On Wednesday, SpaceX launched its Starship to 40,000 feet, in the highest-altitude test to date. That part was a huge success. The landing, however, was a bit more dramatic. That's actually an understatement--more specifically, the rocket crash-landed in a fiery explosion. 

The launch had already been scrubbed once when an engine problem caused an abort with less than two seconds left on the countdown. According to Musk, the crash during landing wasn't related to that, and happened because of low pressure in the fuel header tank, "causing touchdown velocity to be high."

I'm not ashamed to admit I have no idea what any of that means, except that the rocket was going faster than it should have when it intersected with the earth. The rest is simple physics. Or chemistry, maybe? Probably both. 

What I do know is that the Starship is estimated to cost around $200 million and SpaceX just blew one up, and it's still a win. The rest of that tweet makes it clear that the team got the data they needed. The mission itself was a success.


I've criticized Musk in the past for his showmanship and brash style. You can chalk this up to that, but I actually think this is exactly the response you should expect from a leader trying to send people to Mars. 

When you're trying to do extraordinary things, it falls upon you as a leader to keep your team focused on what matters, and provide the motivation to keep moving forward. Extraordinary efforts result in extraordinary outcomes, good or bad. In this case, SpaceX accomplished everything it needed to.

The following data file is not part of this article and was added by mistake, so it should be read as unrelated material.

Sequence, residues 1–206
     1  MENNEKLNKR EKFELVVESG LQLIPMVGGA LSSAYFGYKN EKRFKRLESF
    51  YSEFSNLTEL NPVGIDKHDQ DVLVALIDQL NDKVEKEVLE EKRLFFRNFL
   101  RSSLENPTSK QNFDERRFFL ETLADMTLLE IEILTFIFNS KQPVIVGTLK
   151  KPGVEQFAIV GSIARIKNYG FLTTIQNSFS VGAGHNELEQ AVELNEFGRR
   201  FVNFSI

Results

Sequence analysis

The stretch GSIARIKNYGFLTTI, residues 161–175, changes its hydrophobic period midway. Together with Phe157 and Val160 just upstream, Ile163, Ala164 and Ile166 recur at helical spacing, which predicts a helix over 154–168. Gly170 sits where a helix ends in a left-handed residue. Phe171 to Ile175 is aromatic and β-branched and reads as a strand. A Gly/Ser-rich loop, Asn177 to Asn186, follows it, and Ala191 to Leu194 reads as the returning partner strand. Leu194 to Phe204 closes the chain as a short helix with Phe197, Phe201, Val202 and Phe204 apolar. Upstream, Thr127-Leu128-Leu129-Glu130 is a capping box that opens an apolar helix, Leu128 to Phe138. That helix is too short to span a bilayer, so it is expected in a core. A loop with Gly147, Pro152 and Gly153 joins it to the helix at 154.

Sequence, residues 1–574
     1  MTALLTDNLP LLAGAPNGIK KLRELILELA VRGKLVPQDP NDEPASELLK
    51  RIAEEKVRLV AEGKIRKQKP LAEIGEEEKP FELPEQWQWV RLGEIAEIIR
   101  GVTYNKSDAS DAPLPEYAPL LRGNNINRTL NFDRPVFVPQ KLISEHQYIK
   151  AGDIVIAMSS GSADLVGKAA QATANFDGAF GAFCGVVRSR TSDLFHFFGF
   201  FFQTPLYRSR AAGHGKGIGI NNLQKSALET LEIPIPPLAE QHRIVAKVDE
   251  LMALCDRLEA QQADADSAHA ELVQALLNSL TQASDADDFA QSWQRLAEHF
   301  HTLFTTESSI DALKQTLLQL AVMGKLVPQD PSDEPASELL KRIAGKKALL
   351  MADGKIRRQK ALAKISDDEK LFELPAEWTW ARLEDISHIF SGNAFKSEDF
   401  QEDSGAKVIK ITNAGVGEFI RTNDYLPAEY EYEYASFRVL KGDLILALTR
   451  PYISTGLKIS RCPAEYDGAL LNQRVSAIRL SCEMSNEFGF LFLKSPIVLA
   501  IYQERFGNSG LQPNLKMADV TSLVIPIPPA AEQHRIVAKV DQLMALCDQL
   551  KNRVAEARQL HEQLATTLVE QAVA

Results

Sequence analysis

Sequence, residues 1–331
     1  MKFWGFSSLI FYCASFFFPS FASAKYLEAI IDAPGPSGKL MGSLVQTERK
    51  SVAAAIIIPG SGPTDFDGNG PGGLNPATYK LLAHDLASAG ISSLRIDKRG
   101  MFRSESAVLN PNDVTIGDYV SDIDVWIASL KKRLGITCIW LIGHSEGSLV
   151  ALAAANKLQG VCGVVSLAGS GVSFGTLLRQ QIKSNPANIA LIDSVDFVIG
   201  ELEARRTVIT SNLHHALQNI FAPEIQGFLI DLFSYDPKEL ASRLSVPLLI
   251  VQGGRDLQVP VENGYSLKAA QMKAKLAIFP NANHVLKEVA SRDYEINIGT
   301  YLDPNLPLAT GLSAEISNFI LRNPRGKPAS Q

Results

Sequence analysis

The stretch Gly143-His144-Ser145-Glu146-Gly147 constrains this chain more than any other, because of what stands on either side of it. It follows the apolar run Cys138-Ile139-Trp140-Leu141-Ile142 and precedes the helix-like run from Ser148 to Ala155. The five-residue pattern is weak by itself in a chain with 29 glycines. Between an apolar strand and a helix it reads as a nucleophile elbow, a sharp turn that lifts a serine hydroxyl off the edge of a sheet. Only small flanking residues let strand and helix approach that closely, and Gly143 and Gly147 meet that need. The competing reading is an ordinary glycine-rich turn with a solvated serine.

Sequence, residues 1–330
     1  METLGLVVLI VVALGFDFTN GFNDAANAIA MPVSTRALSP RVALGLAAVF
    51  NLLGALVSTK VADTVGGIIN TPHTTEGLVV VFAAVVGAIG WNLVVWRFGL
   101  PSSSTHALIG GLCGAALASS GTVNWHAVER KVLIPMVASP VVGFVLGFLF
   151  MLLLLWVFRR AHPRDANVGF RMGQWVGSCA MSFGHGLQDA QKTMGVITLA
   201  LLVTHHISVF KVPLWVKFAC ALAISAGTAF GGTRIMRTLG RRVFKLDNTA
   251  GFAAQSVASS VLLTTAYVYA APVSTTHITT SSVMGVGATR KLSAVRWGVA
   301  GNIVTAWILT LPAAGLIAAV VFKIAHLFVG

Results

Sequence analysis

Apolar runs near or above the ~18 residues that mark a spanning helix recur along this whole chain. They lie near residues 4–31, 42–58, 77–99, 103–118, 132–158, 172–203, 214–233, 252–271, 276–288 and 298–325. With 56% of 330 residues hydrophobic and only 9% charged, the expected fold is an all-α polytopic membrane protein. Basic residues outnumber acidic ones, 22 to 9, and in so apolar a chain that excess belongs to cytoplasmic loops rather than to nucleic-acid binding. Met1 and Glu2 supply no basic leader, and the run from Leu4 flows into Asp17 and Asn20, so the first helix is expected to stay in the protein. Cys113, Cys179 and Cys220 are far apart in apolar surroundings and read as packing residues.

That the rocket didn't stick the landing was certainly dramatic, but it wasn't the point. Yes, from a cost perspective, it was an expensive failure. From a mission standpoint, it was a huge success. 

When something seems to go bad--like a big, expensive rocket ship burning on the launch pad after exploding on landing--it's up to you as a leader to refocus your team. That takes emotional intelligence. 

It would be easy to focus on the explosion; that's certainly human nature. But human nature, on its own, won't accomplish what Musk is trying to do. Instead, it's his job to see the victory and make sure his team focuses on that. If the rest of us happen to see it as a win, that's great, but make no mistake--the important thing here is that he's setting the tone for the people who have invested a massive effort in making it happen.

I don't know if Musk's plans to send 100,000 people to colonize Mars are realistic. I do know that if it's going to happen, there are a lot of things that will have to go right. Sometimes, a few of them won't. When that happens, it's up to Musk to refocus his team and celebrate the win. That, by the way, happens to be your job, too.